Save Arm!

December 21, 2021 / Ben Bajarin

It is becoming increasingly clear lately that the Nvidia acquisition of Arm faces more mountains to get approval. With the UK Competition and Market Authority as well as the FTC filing complaints, I struggle to see how the deal goes through without significant new remedy proposals from Nvidia on how to keep Arm neutral. Should the deal be shot down by regulating authorities, we have the reality that its current owner, SoftBank, wants to sell its stake and recoup some of its money. SoftBank purchased Arm for $31 billion dollars which is a significant multiple of Arm’s annual revenue. For some additional context here, SoftBank’s annual revenue in 2020 was ~$47 billion dollars. 

A final outcome on the Nvidia/Arm deal is not likely to happen any time soon. I will continue to analyze that journey over the course of the next year as it plays out. The question at hand is what comes of Arm as SoftBank looks to sell and a few options seem the most likely. 

IPO: Arm was a public company. During that time, I did a wide range of analyses for four of the top 5 investment banks on Arm. I am intimately familiar with the financial models of a licensing business, in this case, Arm. Arm was roughly a $600m firm at the time I did much of this analysis on their business, markets, and financials. Today, Arm is just shy of a $2 billion a year business, and that growth took roughly a decade. The hard reality is licensing companies are first, not big business, and secondly, they grow very slowly. I could write an entire article on why Arm would not be a good public stock but for now, I am just stating it–Arm would not be a good public stock.

Private Equity: Anyone who has been owned by a private equity firm rarely has nice things to say. These companies are most often revenue pirates and the common end result by companies owned by private equity firms is the dicing and slicing of companies for sheer return on investments. During my 21 years in the technology industry, I have personally been involved in the negotiation of two acquisitions of clients by private equity firms and my dealings with them have been nothing short of terrible. Granted, I do know there are PE firms that exist and can make the best of their investments over the long haul. But the reality for Arm is they need significantly more money than PE firms would be willing to invest in order to push their innovation efforts forward in the growth areas identified by Arm and Nvidia.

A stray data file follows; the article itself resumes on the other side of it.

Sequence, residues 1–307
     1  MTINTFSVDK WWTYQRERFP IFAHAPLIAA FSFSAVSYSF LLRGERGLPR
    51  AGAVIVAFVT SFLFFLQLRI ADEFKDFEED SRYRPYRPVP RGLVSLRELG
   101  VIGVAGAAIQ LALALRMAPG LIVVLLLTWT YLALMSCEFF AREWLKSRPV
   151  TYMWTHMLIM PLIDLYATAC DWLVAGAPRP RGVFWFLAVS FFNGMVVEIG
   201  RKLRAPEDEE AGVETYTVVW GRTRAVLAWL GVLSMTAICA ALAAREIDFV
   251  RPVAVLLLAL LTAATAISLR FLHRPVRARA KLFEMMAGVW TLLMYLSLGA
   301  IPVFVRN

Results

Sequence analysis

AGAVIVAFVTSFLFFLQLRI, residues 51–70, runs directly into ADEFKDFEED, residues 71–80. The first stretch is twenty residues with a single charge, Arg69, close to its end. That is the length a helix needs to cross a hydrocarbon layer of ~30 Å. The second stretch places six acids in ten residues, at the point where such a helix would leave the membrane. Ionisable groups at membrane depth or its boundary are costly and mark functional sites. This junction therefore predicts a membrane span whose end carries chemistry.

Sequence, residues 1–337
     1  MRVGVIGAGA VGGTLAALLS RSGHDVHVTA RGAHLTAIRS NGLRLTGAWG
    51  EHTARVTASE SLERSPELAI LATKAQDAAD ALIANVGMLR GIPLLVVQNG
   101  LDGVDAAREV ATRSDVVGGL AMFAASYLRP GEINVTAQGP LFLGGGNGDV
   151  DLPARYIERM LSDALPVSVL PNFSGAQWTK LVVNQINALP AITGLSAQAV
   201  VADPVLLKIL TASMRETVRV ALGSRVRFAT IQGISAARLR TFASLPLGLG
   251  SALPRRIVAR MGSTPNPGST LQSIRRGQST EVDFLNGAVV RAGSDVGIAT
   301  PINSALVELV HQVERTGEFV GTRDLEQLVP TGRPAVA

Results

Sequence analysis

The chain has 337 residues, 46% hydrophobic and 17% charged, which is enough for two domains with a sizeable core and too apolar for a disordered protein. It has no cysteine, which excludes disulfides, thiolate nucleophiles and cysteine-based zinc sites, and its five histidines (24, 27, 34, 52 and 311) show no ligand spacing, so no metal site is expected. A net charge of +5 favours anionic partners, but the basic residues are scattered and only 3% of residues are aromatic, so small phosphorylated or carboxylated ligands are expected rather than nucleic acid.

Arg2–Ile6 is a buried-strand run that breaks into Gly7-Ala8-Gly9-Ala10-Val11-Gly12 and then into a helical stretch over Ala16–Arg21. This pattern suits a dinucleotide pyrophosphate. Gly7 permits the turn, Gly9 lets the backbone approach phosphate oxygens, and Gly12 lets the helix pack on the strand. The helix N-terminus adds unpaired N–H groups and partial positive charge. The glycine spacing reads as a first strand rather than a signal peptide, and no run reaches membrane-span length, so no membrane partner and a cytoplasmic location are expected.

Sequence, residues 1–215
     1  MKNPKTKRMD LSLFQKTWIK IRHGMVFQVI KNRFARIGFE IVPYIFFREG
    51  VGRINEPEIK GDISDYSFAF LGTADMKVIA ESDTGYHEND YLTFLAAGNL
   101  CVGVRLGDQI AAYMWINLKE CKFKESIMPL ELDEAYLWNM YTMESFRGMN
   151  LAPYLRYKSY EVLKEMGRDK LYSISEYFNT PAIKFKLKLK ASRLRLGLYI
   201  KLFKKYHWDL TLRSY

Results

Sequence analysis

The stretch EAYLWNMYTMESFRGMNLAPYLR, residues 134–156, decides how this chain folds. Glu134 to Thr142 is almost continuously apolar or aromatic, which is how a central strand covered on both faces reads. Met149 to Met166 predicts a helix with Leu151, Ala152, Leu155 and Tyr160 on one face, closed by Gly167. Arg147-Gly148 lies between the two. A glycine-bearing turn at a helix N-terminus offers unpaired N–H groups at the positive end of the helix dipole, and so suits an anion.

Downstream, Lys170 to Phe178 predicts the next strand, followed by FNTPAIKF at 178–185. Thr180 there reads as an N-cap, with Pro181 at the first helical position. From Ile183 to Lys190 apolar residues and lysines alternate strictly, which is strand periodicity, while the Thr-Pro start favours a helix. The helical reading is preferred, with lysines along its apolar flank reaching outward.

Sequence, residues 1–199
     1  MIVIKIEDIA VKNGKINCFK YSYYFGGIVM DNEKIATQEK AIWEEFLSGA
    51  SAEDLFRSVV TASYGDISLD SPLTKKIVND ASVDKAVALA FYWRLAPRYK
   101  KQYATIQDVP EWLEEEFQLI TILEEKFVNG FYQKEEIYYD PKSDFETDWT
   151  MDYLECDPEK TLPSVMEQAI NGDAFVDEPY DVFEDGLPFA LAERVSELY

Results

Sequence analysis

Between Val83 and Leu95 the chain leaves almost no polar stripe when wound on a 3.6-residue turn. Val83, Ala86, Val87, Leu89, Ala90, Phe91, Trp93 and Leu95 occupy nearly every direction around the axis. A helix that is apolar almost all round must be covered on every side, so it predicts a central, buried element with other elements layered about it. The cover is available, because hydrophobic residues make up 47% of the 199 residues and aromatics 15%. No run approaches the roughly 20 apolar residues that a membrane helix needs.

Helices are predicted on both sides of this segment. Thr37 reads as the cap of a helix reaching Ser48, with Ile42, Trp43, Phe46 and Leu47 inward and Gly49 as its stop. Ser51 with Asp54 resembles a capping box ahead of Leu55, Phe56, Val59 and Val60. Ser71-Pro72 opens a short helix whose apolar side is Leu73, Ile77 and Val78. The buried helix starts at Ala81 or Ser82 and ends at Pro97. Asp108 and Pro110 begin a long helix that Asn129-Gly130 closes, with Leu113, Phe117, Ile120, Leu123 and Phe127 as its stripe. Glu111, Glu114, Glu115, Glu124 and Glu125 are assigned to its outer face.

Joint Venture/Consortium: Those who know their history will recall that Arm was initially invested in and “owned” by a series of companies including Apple. Qualcomm has already pledged ~$40m to invest in Arm if need be. I imagine other partners and customers, including Nvidia, would front some money to keep funding Arm’s innovation. The challenge that will be brought out in this solution is how slow consortiums will move around joint IP decisions and technologies like Arm that function as a standards body. Could Arm IP be invested in by the partner ecosystem and provide a standardized IP framework like FRAND? Possibly. Would it be extremely complicated? Yes.

While none of these options are truly ideal, a JV/consortium where Arm’s customers, partners, and the ecosystem at large can invest in Arm’s future is the most likely candidate should regulators block Nvidia’s acquisition. But an overarching point needs to be made when having this discussion. Arm needs strong financial backing to keep spending the necessary R&D to keep innovating on the architecture and empower the Arm ecosystem to compete with x86. Arm is also looking to make a run into new categories like automotive, robotics, IOT/edge computing, AR/VR, and more.

Arm’s success depends entirely on its ecosystem and customer success. And much of that success today is predicated on the collaboration and partnership of Arm’s partners. Any future for Arm going forward has to include deep collaboration with its customers and operating as a neutral entity and not within the agenda of any single company.  A neutral and independent Arm is essential if the technology and the ecosystem are to reach their true potential and reach. That point will remain true regardless of whether it has a single owner or many. 


Join the newsletter and stay up to date

Trusted by 80% of the top 10 Fortune 500 technology companies